Keeping toddlers safe can be a challenge
Someone once said that silence is golden unless you have a very young child and then it is suspicious. Keeping this age safe is a 24/ 7 job. Here are tips from the Department of Health and Human Services and emergency physicians.
Stay with young kids every minute they are around water. Records show they can drown in as little as one inch of water.
Use flotation devices that fit since water wings and noodles can create a false sense of security. Teach children not to dive head first, instead they can jump into our arms. Dunking is never allowed.
Learn CPR and first aid for young children. YouTube has many good videos of how to perform CPR on babies and young children. Pediatricians suggest showing them to baby sitters, refreshing, and practicing.
Double check that pools and spas have the proper drains that will not trap hair and loose clothing. Empty a play pool when finished and turn it upside down.
When you feel your children are ready, enroll them in Red Cross approved or university swim classes and keep taking them until they pass tests, then refresh skills. Make sure they know how to float and tread water. Have an extra flotation device handy and watch for signs of dangerous tides. Teach children to keep their head, hands, and feet inside boats.
Accompany little ones to public bathrooms and outdoor portable bathrooms because older siblings may not be strong enough to hold little ones securely.
Encourage children to drink water before, during, and after active playtime. Stick around to ensure a safe playing environment and enforcement of safety rules including well- fitting helmets and other gear.
Safety experts ask families never to leave children in the car while going shopping or doing other errands. Children get over heated, too cold, or enjoy pressing dangerous buttons and turning switches.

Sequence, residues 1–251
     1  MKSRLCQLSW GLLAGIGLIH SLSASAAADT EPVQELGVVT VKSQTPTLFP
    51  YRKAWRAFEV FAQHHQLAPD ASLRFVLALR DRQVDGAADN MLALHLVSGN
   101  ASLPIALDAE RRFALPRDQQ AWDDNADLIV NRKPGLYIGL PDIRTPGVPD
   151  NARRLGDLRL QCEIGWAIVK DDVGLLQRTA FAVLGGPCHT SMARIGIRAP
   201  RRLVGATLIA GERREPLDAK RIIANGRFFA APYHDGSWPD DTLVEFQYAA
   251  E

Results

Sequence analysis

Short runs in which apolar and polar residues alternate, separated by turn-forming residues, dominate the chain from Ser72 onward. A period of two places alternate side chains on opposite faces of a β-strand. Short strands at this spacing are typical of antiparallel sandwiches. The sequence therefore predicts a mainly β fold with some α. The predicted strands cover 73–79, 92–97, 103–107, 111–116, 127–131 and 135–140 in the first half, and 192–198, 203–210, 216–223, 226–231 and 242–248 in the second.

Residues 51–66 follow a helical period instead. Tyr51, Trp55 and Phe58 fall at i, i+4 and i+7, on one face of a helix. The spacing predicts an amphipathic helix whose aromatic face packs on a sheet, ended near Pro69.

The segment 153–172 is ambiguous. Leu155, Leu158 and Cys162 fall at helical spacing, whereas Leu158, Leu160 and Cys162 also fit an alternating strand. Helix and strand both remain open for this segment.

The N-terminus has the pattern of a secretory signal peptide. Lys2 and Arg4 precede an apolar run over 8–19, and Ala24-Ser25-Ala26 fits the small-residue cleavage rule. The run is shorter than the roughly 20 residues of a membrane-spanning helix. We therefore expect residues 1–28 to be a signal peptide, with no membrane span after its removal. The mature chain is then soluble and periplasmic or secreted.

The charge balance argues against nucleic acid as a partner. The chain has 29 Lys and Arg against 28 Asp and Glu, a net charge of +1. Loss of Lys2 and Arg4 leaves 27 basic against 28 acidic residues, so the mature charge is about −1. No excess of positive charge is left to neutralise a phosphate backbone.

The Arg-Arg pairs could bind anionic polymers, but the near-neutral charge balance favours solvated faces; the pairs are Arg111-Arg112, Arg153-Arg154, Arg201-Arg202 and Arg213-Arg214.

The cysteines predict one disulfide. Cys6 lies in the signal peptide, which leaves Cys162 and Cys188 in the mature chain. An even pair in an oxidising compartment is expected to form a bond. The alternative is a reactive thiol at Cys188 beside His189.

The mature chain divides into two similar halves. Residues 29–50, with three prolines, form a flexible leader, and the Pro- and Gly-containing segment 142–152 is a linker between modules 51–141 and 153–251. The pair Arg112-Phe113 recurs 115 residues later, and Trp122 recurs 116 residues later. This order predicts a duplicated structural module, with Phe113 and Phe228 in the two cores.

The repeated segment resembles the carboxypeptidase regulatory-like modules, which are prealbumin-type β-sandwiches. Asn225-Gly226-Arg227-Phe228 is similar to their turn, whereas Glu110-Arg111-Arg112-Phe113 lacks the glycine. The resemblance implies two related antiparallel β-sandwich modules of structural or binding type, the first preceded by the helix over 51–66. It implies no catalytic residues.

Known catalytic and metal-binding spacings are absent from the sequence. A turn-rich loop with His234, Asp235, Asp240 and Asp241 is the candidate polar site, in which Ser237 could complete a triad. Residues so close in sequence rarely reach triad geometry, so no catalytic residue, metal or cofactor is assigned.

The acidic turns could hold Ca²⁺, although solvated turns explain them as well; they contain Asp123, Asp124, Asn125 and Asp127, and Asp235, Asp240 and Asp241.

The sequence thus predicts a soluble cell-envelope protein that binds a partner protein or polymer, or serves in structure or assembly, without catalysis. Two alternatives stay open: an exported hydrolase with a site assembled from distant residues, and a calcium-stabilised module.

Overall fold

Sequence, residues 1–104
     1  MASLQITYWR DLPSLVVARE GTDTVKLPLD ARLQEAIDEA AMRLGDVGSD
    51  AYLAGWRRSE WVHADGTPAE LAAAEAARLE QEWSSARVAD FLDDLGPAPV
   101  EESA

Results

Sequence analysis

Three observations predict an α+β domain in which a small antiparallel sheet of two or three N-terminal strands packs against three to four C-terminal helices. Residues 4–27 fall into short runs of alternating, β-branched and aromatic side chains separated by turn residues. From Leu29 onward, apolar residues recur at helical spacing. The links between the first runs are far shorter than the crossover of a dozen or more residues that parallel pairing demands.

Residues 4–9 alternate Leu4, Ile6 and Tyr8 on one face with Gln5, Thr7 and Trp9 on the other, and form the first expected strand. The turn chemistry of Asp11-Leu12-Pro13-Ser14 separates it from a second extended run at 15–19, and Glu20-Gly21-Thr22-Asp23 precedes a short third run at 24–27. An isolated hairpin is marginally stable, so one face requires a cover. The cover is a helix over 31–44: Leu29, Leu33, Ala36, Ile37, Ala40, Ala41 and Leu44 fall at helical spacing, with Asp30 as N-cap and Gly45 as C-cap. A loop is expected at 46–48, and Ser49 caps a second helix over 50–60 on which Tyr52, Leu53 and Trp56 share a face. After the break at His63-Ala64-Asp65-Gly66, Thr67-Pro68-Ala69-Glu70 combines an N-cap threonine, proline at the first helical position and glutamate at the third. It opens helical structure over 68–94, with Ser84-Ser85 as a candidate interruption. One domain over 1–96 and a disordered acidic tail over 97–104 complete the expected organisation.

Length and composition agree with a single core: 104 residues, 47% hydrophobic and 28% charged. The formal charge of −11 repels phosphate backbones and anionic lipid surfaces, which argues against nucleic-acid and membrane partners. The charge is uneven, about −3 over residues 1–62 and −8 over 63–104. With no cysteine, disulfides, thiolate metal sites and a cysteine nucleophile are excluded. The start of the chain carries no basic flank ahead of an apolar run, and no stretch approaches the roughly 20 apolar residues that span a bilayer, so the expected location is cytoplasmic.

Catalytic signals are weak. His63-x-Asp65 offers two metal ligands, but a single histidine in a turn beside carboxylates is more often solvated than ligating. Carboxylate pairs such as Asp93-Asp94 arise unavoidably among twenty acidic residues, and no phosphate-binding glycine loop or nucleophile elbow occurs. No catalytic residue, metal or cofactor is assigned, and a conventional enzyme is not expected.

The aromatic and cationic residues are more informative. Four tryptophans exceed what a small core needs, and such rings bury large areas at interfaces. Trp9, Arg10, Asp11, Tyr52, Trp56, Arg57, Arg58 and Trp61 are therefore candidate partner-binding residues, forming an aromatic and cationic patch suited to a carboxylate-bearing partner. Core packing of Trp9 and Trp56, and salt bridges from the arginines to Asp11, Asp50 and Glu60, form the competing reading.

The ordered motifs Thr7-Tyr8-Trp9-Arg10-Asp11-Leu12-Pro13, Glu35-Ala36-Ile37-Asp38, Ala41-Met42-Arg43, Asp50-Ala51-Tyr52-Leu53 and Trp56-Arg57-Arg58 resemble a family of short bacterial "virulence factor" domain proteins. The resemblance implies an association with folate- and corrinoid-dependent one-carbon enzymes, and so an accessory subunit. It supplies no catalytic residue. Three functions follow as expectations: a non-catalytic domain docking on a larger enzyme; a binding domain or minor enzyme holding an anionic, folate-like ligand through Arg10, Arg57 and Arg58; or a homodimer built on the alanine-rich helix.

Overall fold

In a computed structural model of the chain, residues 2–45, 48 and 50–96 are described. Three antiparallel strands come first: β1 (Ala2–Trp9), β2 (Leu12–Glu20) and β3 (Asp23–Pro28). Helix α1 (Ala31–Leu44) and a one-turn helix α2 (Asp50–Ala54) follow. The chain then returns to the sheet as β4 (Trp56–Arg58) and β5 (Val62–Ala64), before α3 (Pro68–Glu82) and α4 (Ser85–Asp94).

Batteries and tech
Keep small electronics or devices especially those with small button batteries out of reach. Remote controls, musical greeting cards, and flameless candles are common hazards. Keep in mind that children are natural explorers and can climb unbelievable high. If you think a child has ingested any kind of battery to not induce vomiting. Take your child to the emergency room. The national battery hotline is 800- 498-8666.
Families are watchful for small pieces that toddlers love to put into their mouths and possibly choke on. We sometimes forget that now scientists warn that families must be watchful for what toddlers are putting in their minds. Interacting with technology may be actually changing the functioning of their developing brains. For ten years a source of information for families: see grandparentsteachtoo.blogspot.com; wnmufm.org/Learning Through the Seasons live and podcasts, Facebook and Pinterest.
EDITOR’S NOTE: Grandparents Teach, Too is a non-profit organization of elementary and preschool teachers from Marquette, Michigan. The writers include: Jan Sabin, Mary Davis, Jean Hetrick, Cheryl Anderegg, Esther Macalady, Colleen Walker, Fran Darling, and Iris Katers. Their mission since 2009 is to help parents, grandparents, and other caregivers of young children provide fun activities to help prepare young children for school and a life long love of learning. They are supported by Great Start, Parent Awareness of Michigan, the U.P. Association for the Education of Young Children, Northern Michigan School of Education, the Upper Peninsula Children’s Museum and the Northern Michigan University Center for Economic Education.